Harry hands soldier's medal to medics who saved her and says 'huge thank you'
Prince Harry has praised the UK hospital team that saved the life of a US Army medic, telling the NHS workers a "huge, huge thank you to all of you".
The 31-year-old presented the Papworth Hospital group with an Invictus Games gold medal entrusted to him by Sergeant Elizabeth Marks who wanted her award to be donated to the medical staff who treated her when she was gravely ill two years ago.
The combat medic was due to compete in the 2014 Invictus Games, for injured service personnel and veterans, when she collapsed and was discovered to have a serious problem with her lungs.
She was diagnosed with respiratory distress syndrome and a medical team from Papworth treated her with an ECMO (extracorporeal membrane oxygenation) life-support machine - a system which "breathes" for the patient while they are treated with drugs.
Among the group invited to the presentation ceremony at Kensington Palace were lead ECMO clinician Dr Alain Vuylsteke, lead ECMO nurse Jo-anne Fowles, senior staff nurse Laura Bowden and s enior clinical perfusion scientist Giordano Paiella.
The Prince was joined at the event by the Duchess of Gloucester, who is Papworth's royal patron. Harry told her Sgt Marks was "over the moon - she's very excited about the handover process".
When the medical team arrived, Harry asked them: "Am I right in saying she was given about a 35% chance of living?"
Dr Vuylsteke replied "That's generous", adding: "We used a machine to support her and keep her alive, while antibiotics and other drugs were helping her to fight it."
The Prince said the 25-year-old soldier broke down in tears as she told him about her treatment, when they met during the 2016 Invictus Games in Orlando, Florida, last month.
Harry went on: "Something else that she told me while we were in Florida - I don't know whether you'll agree to it or not - she said that it was a blessing in disguise landing in London and going to Papworth because Papworth is undoubtedly the best place for someone having this condition.
"That's very kind of her," replied Dr Vuylsteke, who said: "We've got the best system in place to support this kind of problem. What's quite amazing is in England we've set up a system a few years ago that offers that (treatment) to anybody. I'm not sure that she would have received the same services anywhere else (in the world).
"So, in her bad luck, she was very lucky."
During the presentation ceremony, Harry played a short video of Sgt Marks competing at the Games in Orlando where she won four gold medals in the pool - and dedicated her 100m freestyle medal to the Papworth team after she received it from the Prince.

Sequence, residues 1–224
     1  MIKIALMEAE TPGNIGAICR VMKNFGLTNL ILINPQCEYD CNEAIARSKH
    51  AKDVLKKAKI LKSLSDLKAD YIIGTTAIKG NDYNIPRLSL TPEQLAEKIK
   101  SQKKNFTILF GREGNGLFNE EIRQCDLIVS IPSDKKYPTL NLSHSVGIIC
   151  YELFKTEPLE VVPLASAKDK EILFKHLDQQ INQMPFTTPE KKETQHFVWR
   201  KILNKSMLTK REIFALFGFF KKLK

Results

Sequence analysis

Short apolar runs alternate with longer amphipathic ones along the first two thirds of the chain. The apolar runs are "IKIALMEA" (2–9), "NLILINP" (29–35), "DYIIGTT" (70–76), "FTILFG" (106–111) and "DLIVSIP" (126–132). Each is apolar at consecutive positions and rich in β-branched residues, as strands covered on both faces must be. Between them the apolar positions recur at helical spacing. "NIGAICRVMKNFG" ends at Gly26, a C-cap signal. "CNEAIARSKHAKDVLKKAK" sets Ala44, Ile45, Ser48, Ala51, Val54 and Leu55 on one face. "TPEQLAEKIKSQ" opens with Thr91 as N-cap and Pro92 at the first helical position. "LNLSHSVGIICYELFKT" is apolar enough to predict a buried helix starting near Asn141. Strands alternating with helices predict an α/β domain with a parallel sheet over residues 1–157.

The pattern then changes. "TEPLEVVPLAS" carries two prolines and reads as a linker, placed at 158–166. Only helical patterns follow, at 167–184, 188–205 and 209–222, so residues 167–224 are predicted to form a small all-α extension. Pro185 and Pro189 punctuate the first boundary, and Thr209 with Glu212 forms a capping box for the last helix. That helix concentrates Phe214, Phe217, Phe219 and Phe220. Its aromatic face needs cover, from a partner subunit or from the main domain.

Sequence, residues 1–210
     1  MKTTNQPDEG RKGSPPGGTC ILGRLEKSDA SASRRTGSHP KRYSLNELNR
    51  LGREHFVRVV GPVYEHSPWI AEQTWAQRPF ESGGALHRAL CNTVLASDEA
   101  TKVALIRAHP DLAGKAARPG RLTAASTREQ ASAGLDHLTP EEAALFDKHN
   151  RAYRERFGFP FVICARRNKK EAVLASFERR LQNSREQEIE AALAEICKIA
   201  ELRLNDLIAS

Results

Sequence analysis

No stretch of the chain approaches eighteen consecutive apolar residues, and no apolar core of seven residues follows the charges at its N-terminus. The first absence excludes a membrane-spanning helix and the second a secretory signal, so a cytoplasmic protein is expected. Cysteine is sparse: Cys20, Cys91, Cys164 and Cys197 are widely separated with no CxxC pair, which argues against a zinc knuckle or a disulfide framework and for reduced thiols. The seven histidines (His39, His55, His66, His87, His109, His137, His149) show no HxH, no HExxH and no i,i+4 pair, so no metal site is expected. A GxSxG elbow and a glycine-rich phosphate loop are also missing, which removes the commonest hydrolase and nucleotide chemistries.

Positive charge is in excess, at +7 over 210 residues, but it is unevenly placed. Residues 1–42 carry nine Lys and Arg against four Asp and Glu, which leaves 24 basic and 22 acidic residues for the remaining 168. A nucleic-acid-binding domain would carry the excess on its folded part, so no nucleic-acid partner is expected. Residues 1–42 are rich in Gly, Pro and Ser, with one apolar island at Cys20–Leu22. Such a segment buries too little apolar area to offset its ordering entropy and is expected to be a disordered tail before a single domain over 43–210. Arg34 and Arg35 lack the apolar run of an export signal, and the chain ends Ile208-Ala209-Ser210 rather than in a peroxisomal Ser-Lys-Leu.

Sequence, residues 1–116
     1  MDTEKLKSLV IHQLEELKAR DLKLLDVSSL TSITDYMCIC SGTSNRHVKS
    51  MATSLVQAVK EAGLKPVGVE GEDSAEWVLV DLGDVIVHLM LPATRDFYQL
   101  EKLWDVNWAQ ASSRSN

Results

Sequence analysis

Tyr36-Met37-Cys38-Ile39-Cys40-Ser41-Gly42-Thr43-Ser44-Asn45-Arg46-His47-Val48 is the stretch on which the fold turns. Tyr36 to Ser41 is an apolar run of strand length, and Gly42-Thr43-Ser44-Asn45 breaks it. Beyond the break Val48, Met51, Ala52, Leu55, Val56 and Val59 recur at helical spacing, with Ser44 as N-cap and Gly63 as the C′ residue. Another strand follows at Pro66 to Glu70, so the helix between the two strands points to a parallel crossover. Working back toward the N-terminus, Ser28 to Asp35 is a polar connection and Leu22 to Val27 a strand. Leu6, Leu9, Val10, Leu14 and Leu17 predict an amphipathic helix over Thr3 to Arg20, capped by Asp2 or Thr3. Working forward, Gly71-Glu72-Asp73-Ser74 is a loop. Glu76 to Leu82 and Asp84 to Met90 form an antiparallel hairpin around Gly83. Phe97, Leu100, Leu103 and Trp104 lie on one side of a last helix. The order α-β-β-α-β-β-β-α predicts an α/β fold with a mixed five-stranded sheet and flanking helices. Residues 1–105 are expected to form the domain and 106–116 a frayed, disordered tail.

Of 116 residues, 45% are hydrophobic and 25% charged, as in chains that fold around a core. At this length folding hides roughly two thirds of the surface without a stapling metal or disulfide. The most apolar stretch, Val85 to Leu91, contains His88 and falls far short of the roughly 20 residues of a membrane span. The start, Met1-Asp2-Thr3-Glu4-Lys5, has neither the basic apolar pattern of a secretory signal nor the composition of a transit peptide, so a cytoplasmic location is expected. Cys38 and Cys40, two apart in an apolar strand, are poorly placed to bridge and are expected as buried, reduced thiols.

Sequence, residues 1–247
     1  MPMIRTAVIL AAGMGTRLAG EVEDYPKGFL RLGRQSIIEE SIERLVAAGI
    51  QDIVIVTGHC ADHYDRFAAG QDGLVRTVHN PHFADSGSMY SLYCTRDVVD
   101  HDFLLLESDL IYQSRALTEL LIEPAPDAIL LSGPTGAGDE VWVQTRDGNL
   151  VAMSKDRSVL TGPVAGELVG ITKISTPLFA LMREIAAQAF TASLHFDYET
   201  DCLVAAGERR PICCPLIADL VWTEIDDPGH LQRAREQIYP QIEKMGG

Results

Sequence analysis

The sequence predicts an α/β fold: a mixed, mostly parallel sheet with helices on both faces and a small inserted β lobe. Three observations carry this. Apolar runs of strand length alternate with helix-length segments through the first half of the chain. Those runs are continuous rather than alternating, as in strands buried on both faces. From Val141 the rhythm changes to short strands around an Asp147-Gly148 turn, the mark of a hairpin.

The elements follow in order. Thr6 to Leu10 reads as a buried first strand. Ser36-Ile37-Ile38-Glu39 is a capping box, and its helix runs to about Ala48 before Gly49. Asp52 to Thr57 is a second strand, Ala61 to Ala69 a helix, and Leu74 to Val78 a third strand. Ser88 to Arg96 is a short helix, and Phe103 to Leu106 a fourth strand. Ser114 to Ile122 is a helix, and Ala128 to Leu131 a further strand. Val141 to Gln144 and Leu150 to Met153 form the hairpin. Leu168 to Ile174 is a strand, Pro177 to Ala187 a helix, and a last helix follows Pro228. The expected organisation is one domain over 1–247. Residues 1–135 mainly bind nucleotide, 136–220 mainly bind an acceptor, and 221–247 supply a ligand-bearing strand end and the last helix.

Harry said: "From all of us, it's just a huge, huge thank you to all of you."
Sgt Marks, from Arizona, who joined the US Army at the age of 17, suffered a serious hip injury in 2010 while on tour in Iraq, which left her with no sensation in her left leg. But she battled back to fitness and still serves in the military.
She has used sport to help her recovery and continues to swim despite it rendering her temporarily blind and faint due to her lung condition.
A Papworth spokesman said they were hoping to launch an Elizabeth Marks Fund to help finance the development of equipment and support patients treated at the Cambridgeshire hospital's critical care unit where the medal will go on display.
Ms Fowles, who helped treat Sgt Marks, said: "I can remember her coming in because she was brought in on ECMO by one of our team and remained on ECMO for nine days and stayed with us for two or three days after, before she was taken to Germany to one of the US hospitals for recovery.
"She was asleep the whole time she was on ECMO and very, very ill and we all remember her because of the Invictus Games and the publicity around the Games ... so to have a world-class athlete who was obviously very sick made an impact on all of us."
Professor John Wallwork, chairman of Papworth Hospital which specialises in lung and heart care, said of Sgt Marks's medal: "It means an awful for the staff and the people that looked after her.
"We do a lot of very good work at Papworth, a lot we know about and a lot the public doesn't know about, and I think it just emphasises how good the hospital is and we're very proud of it.
"I think coming here and getting this medal and having an audience with Prince Harry has been exceptionally good for us."